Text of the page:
The sleep deprived ramblings of one full-time mom. I pretty much write to stay marginally sane and to make other moms feel better about themselves. You're welcome.

Tuesday, August 30, 2011

Parenting: The Toughest Job You'll Ever Love

So I haven't blogged in awhile. And by "awhile" I mean over a year. Life got in the way, I went back to work full-time, etc.
But I'm back. *cue the confetti and champagne*
I just need to talk and I hope that you'll listen. If not, you're probably in the wrong place, no?
About a year ago my son was diagnosed with ADHD. Not "shows some tendencies" but "HELLO? ARE YOU STUPID? THIS KID OBVIOUSLY HAS THIS SHIT!!"
I think my husband and I had both known deep down, but we were firmly planted in the "ADHD Is Overdiagnosed and Overmedicated and We Can Handle This Because Otherwise We're Shitty Parents" camp. We had our names on a plaque outside the main cabin. And we handled it. Until we couldn't.
Years of phone calls from teachers, visits with the school counselor, parent-teacher conferences that led to binge drinking...they all came to a head in Miles' third-grade year when he ended up in a classroom with a group of "challenging" boys and a teacher who had zero tolerance for, well, anything. Call it the perfect storm, call it the year from Hell. Whatever moniker you give it, we were in over our heads.
So we called in the Big Guns. We visited the pediatrician. We took Miles to a therapist. We got on a first-name basis with the school counselor. And we finally agreed to test him for ADHD. We were told that there were often "gray areas" that suggested a diagnosis but didn't prove anything conclusively.
Then we got the results. And they were BLACK AND WHITE. This kiddo had it, the textbook version that got pharmaceutical companies salivating. And he needed meds.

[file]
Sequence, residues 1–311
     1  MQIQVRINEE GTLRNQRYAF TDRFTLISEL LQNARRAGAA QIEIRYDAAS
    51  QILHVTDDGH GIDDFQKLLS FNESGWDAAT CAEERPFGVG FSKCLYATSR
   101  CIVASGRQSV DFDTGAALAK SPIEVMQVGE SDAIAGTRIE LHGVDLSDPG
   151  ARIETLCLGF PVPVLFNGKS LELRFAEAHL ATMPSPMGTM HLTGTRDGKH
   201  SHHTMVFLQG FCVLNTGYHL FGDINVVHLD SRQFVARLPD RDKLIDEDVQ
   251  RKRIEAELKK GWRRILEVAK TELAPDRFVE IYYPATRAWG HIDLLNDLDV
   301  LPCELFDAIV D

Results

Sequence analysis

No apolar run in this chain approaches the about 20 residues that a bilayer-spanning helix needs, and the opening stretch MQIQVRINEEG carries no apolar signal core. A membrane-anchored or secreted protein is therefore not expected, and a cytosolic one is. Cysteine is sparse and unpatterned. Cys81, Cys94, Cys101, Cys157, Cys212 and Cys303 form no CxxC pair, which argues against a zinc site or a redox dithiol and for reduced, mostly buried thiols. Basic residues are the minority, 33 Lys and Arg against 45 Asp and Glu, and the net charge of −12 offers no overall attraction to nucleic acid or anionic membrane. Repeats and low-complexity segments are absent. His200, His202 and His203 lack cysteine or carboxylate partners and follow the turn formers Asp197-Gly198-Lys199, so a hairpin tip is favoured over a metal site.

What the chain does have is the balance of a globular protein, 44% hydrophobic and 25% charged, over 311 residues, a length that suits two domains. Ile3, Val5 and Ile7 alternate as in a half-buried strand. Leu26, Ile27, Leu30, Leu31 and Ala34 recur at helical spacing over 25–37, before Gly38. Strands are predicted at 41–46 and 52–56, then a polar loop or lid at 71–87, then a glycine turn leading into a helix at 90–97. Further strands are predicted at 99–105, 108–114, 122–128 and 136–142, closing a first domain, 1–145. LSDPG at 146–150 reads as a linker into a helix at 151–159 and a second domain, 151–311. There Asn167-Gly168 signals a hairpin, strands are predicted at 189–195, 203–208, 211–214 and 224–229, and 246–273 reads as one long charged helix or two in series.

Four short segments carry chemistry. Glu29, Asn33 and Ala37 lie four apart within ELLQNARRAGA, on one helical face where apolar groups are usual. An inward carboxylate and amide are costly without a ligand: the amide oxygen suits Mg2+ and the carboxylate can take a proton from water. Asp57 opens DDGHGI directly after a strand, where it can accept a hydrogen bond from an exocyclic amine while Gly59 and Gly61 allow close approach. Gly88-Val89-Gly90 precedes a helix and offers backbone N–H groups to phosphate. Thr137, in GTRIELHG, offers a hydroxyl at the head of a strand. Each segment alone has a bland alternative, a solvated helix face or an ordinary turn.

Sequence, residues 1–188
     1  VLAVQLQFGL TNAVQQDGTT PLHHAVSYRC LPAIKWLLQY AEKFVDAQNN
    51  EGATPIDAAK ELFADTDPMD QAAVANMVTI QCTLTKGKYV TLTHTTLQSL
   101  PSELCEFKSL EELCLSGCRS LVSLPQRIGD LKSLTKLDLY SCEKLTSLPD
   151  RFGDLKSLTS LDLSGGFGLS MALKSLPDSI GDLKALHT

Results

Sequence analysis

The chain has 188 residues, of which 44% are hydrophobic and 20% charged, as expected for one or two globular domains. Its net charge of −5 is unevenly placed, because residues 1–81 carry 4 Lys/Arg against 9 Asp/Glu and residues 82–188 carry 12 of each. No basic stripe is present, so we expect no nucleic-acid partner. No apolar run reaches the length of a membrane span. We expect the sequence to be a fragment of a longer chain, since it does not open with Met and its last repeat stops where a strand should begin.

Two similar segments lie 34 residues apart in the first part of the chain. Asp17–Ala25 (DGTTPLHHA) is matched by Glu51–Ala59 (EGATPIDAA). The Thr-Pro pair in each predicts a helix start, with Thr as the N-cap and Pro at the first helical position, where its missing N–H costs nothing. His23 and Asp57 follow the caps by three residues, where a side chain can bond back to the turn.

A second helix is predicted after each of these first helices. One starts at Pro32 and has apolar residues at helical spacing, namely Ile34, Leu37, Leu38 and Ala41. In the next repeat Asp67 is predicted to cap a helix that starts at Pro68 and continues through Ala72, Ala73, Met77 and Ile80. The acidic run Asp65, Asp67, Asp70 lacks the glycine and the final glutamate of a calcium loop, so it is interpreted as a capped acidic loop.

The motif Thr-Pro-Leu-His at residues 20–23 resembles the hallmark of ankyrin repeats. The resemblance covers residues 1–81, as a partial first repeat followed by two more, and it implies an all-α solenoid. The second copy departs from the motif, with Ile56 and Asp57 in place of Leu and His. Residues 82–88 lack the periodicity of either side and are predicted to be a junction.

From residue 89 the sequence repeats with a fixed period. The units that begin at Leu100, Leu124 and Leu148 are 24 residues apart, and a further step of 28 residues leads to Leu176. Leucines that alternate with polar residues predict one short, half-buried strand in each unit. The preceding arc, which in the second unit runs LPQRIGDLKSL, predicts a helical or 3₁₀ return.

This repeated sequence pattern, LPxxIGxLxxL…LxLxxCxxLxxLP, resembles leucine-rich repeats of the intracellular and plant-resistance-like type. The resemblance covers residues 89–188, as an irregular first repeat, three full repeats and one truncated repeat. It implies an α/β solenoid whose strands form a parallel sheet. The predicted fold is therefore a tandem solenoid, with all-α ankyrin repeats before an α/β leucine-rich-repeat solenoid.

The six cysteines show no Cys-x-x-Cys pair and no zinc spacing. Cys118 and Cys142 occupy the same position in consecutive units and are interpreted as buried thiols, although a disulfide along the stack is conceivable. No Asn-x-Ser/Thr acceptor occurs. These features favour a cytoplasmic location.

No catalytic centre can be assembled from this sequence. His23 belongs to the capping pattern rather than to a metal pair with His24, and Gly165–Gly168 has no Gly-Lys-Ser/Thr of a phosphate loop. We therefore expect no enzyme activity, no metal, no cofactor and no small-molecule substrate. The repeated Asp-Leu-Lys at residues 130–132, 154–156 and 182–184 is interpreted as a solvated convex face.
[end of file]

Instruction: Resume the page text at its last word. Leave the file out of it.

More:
We balked.
We talked.
We researched.
We prayed.
And we ultimately listened to the experts and agreed to try medication for Miles. Thank. God.
Within weeks he was a different kid. Not different in an altered-personality kind of way, control. The impulsivity was down, the hyperactivity was diminished. He was master of his own behavior for the first time.
And we wondered why hadn't done this sooner.
Miles' fourth-grade year was 180 degrees different from his third-grade year. Granted, he ended up (with more than a little help from the school counselor) in a class with some positive role-models and a teacher who gave him a gift he'll cherish forever: a love of learning. But there was something different in him, something that made him receptive to these positive influences.
For the first time in years, Brian and I breathed a sigh of relief. Parent-teachers conferences were a time to celebrate, not a time to dread. Grade cards were something to be framed; in fact, his final semester he got straight A+'s, something I didn't even know was possible!
And perhaps we got lulled into a false sense of security...more to come, but this mama needs sleep. Thanks for reading, listening, giving me a chance to vent.
This parenting thing is harder than it looks.